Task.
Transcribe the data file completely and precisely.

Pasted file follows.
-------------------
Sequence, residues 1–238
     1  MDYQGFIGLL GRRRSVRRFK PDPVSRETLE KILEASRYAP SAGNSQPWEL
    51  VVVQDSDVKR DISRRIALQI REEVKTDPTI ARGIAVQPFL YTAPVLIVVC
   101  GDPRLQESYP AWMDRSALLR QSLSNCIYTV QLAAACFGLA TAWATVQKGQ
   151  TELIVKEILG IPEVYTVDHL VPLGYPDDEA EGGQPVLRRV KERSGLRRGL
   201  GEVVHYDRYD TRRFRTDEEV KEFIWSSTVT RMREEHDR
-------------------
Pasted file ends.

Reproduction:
Sequence, residues 1–238
     1  MDYQGFIGLL GRRRSVRRFK PDPVSRETLE KILEASRYAP SAGNSQPWEL
    51  VVVQDSDVKR DISRRIALQI REEVKTDPTI ARGIAVQPFL YTAPVLIVVC
   101  GDPRLQESYP AWMDRSALLR QSLSNCIYTV QLAAACFGLA TAWATVQKGQ
   151  TELIVKEILG IPEVYTVDHL VPLGYPDDEA EGGQPVLRRV KERSGLRRGL
   201  GEVVHYDRYD TRRFRTDEEV KEFIWSSTVT RMREEHDR